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Each week, we report instances where the money junky hedge funds, private equity groups and the already big companies swallow another piece of the global economy. Here are some more of what the BIGS have been gobbling up and how the Bigs keep getting bigger and the rich keep getting richer.


Atlanta-based Intercontinental Exchange (ICE), which provides online platforms and data for financial services and also owns the New York Stock Exchange, has agreed to buy mortgage data service Black Knight for about $13.1 billion.

The deal is pegged at $85 a share for Black Knight, a 35-percent premium to the stock’s price before news of the sale was made public.

The deal attributes a value of about $16 billion to Black Knight.

ICE’s purchase leads it further into the mortgage industry, diversifying it away from its emphasis in recent years on owning stock and futures exchanges. 

ICE bought NYSE Euronext for $11 billion in 2013, Interactive Data Corp. for $5.2 billion in 2015, and the Chicago Stock Exchange in 2018. 

Then in 2020, the company paid $11 billion for Ellie Mae, a mortgage software company.

Mortgage-related technologies brought ICE about a fifth of its $7.1 billion in revenue last year.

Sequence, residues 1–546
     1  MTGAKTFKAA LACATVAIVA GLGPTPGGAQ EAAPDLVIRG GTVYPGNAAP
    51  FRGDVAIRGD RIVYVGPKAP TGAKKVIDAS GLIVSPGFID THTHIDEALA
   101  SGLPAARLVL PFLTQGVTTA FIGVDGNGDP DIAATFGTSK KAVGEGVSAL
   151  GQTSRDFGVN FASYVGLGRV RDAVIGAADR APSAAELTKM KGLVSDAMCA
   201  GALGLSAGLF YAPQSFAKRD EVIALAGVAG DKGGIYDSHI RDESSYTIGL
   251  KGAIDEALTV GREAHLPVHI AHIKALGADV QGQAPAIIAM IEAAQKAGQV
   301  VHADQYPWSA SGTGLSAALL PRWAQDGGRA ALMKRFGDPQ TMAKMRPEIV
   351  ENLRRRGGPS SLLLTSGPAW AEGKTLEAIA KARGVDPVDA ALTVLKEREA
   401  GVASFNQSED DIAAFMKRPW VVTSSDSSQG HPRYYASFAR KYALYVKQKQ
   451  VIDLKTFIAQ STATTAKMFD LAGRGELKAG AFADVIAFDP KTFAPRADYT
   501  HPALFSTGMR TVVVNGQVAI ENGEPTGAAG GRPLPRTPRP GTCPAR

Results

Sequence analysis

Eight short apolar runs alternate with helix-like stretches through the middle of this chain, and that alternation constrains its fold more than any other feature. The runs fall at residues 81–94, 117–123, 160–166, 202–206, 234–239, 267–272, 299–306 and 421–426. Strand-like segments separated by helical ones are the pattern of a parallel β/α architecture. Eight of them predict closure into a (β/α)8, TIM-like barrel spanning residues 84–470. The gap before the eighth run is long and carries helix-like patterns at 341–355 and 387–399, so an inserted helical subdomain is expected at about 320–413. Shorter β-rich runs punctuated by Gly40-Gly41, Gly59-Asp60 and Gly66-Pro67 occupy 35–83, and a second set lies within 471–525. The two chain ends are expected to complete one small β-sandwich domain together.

The new acquisition fits with ICE’s business model of turning conventional financial services into more profitable, tech-based operations, CEO Jeffrey Sprecher said in a statement announcing the takeover.


Shopify, the Canadian company providing e-commerce platforms to retailers, is spending $2.1 billion to take over fulfillment company Deliverr.

Shopify will combine Deliverr with its existing fulfillment operation, which includes 6 River Systems, a fulfillment firm it paid $450 million for in 2019.

Deliverr’s software and systems will give Shopify better control of logistics and supply chains, the company said in a statement announcing the purchase.

The deal is expected to make Shopify’s clients better able to compete with Amazon. 

With the acquisition, Shopify “will accelerate its roadmap by assembling an end-to-end logistics platform from port to porch and across all sales channels,” CFO Amy Shapero said in the statement.

The deal comes as online commerce has slowed after COVID-era lockdowns ended and government stimulus checks to households dried up.

With people returning to brick-and-mortar stores post-COVID, online retailers are seeing a declining share of sales. Amazon recently reported its digital sales have flattened.

That trend, combined with weakening fundamentals in the tech sector, have sent Shopify’s share price down 70 percent so far this year.


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